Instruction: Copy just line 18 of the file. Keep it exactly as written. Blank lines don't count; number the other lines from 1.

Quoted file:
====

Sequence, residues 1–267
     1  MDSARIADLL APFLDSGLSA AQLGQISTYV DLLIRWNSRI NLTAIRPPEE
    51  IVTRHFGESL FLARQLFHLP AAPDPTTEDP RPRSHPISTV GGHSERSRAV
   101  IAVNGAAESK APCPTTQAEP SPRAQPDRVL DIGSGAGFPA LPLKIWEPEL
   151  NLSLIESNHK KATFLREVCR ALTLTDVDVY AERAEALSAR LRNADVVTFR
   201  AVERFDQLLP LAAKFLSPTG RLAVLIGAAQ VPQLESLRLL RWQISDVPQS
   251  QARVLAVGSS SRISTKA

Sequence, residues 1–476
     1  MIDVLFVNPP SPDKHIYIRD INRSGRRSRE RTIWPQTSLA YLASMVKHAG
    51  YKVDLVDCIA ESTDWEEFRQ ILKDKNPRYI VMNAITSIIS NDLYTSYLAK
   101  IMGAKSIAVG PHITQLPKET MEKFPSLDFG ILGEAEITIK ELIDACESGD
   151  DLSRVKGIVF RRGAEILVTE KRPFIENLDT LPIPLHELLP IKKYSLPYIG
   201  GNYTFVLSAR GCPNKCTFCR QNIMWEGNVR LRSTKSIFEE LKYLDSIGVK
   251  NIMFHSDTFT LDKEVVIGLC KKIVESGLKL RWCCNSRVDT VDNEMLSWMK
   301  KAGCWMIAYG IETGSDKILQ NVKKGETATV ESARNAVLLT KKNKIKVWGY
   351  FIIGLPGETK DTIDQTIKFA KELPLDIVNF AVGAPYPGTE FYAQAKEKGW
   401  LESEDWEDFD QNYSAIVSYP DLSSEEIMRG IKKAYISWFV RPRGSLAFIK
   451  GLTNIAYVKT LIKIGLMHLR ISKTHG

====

   451  GLTNIAYVKT LIKIGLMHLR ISKTHG